For one, sites of violence have moved beyond major riots to everyday events. From horrific lynchings to mob violence, vigilante groups and trolls threatening businesses, small and large, communal hatred and prejudice has seeped into everyday life. In this sense, the violence it has unleashed is far more insidious than major rioting.

Second, social media has given violence a new kind of visibility. It is ever-present in viral videos that find their way in to our WhatsApp accounts. And while this visibility holds within it the promise of accountability, it also risks de-sensitising and routinising violence and blunting societal outrage. This apart, the routine deployment of the troll army to name-call dissenting voices (sickular, anti-national), normalises the political project of othering, making incidents of violence acceptable to the public. This is why it is possible for an SUV to plough through protesters to muted social outrage. In this way, violence and associated fear is slowly embedding itself in our everyday relations with the State and each other, making the task of countering it significantly harder.

Third, and crucially, violence has visible State sanction. This has emboldened mainstream State actors to invoke and entice violence more openly today than in past memory. Most recently, there was the viral video of the Haryana chief minister urging supporters to pick up sticks and fight farmers, and a blatant call to arms by a central government minister in the days of heightened communal tension in New Delhi. But beyond coarsening the political discourse, State sanction has also found expression through changes in law, best illustrated in the introduction of new laws preventing inter-faith marriages or “love jihad” — laws that give legitimacy to perpetrators of violence.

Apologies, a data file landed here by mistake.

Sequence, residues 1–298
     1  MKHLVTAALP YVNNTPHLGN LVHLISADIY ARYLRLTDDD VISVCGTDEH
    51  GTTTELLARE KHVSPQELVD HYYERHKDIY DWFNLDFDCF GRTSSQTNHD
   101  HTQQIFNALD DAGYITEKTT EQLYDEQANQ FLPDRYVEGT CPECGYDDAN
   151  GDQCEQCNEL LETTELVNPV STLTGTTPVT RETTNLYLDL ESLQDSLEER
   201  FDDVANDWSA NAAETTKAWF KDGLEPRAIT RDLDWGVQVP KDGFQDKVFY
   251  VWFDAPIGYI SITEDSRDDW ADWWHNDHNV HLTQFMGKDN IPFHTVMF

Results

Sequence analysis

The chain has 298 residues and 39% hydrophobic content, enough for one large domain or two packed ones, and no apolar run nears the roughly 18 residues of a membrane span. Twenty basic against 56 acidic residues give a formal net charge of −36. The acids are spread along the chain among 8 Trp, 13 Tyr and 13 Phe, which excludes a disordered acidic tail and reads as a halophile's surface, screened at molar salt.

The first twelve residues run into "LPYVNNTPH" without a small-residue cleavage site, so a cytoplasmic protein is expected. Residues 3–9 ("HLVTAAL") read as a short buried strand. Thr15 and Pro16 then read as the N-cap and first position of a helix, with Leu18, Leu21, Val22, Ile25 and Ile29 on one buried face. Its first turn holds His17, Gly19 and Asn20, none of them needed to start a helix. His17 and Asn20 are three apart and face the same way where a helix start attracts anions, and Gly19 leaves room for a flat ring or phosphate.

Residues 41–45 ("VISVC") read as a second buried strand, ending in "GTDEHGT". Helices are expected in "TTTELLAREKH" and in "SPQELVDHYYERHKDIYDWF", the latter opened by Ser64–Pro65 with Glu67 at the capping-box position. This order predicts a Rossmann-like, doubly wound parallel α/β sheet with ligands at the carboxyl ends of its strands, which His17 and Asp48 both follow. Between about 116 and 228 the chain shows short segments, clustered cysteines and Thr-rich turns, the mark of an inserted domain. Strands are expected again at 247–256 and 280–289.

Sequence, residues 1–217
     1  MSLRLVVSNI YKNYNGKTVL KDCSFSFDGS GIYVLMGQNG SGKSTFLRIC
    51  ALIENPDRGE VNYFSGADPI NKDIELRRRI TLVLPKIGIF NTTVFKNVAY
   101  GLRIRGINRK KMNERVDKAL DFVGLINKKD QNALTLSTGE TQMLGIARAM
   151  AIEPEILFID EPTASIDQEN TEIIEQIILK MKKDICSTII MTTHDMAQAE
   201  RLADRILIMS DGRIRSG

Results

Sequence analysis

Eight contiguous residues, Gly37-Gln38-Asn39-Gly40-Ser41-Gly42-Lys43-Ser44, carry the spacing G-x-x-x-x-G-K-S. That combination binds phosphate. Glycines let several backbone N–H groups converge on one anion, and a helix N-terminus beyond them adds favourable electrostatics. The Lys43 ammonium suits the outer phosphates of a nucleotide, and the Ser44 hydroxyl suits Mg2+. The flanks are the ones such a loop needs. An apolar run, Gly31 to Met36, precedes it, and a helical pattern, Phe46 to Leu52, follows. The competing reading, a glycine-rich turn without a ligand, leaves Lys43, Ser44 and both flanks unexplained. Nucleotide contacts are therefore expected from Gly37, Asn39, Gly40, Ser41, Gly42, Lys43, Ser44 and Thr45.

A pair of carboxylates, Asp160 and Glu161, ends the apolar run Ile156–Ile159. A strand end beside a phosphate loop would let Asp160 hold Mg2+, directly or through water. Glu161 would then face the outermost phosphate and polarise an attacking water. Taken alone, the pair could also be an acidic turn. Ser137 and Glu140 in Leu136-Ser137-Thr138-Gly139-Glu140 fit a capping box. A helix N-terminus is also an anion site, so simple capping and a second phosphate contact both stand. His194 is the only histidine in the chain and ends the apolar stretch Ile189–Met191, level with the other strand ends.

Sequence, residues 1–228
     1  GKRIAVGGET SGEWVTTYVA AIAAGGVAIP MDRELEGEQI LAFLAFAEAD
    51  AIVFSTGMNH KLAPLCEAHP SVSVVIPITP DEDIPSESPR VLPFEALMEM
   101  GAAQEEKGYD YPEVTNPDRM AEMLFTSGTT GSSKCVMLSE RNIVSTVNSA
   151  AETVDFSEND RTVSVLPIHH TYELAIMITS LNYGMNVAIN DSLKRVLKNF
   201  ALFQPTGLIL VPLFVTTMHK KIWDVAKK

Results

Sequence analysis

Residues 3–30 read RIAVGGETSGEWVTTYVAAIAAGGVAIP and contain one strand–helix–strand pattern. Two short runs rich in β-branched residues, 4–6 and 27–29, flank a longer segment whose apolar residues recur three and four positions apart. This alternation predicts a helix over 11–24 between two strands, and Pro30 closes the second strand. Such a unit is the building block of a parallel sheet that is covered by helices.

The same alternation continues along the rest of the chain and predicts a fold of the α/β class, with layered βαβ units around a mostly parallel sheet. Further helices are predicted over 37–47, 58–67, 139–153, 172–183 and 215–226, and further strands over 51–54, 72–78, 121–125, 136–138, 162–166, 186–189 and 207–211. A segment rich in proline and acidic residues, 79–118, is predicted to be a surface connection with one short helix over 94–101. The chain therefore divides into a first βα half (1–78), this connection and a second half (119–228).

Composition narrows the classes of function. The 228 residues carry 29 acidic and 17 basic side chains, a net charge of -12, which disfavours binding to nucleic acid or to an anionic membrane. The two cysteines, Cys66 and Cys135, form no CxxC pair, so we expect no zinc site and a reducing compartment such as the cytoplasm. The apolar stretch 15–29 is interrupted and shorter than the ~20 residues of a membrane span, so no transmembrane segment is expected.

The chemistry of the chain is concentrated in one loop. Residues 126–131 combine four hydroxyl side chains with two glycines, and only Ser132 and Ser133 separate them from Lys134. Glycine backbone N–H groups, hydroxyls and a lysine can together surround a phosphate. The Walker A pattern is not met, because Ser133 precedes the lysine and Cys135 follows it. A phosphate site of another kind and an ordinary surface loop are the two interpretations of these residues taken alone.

Against these realities, the only serious path to challenging violence is by confronting the beast of communalism and hate head-on. But, for the moment, and this is an argument I have made repeatedly in this column, public discourse and the political opposition has chosen to eschew the very language needed to counter this beast — the language of our Constitution, of secularism, of fraternity.

It is only through a language of secularism, a language that privileges individual rights and freedoms, that we can challenge the hatred and bigotry that underpin the violence we confront today. Without secularism, we do not have a language through which to craft a politics of solidarity, of peace, of harmony. Yet, in today’s environment, to defend secularism and invoke constitutional values, despite the brief moment in the anti-Citizenship (Amendment) Act protest, where secularism was reclaimed, is to defend the flawed politics of our past, a politics of opportunism and appeasement.

Political opposition to violence has protested, outraged, challenged lack of due process. But without the courage to craft a language that directly tackles hate and bigotry, that offers a constitutional vision to replace the politics of polarisation, these protestations have little credibility or moral authority. The spectre of violence will continue to haunt us and our flawed democracy will continue to live with, as Chandoke reminds us, “the violence in our bones”.

Yamini Aiyar is president and chief executive, Centre for Policy Research

The views expressed are personal